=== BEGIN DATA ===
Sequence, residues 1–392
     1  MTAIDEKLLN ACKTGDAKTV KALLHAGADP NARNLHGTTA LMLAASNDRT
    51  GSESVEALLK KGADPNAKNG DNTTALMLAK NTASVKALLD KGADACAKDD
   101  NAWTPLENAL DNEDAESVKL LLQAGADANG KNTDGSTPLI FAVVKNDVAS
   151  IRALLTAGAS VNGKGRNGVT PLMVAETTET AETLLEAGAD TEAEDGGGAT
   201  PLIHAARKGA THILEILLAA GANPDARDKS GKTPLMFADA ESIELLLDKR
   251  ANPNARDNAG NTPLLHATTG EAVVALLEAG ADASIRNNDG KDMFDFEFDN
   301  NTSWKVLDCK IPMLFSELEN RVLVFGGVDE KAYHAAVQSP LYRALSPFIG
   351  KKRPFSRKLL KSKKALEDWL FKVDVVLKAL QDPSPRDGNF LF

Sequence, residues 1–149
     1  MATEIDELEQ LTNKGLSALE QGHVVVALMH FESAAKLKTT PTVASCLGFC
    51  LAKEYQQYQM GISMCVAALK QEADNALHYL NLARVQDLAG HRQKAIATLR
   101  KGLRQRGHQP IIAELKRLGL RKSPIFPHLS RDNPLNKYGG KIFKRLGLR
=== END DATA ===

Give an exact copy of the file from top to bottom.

Sequence, residues 1–392
     1  MTAIDEKLLN ACKTGDAKTV KALLHAGADP NARNLHGTTA LMLAASNDRT
    51  GSESVEALLK KGADPNAKNG DNTTALMLAK NTASVKALLD KGADACAKDD
   101  NAWTPLENAL DNEDAESVKL LLQAGADANG KNTDGSTPLI FAVVKNDVAS
   151  IRALLTAGAS VNGKGRNGVT PLMVAETTET AETLLEAGAD TEAEDGGGAT
   201  PLIHAARKGA THILEILLAA GANPDARDKS GKTPLMFADA ESIELLLDKR
   251  ANPNARDNAG NTPLLHATTG EAVVALLEAG ADASIRNNDG KDMFDFEFDN
   301  NTSWKVLDCK IPMLFSELEN RVLVFGGVDE KAYHAAVQSP LYRALSPFIG
   351  KKRPFSRKLL KSKKALEDWL FKVDVVLKAL QDPSPRDGNF LF

Sequence, residues 1–149
     1  MATEIDELEQ LTNKGLSALE QGHVVVALMH FESAAKLKTT PTVASCLGFC
    51  LAKEYQQYQM GISMCVAALK QEADNALHYL NLARVQDLAG HRQKAIATLR
   101  KGLRQRGHQP IIAELKRLGL RKSPIFPHLS RDNPLNKYGG KIFKRLGLR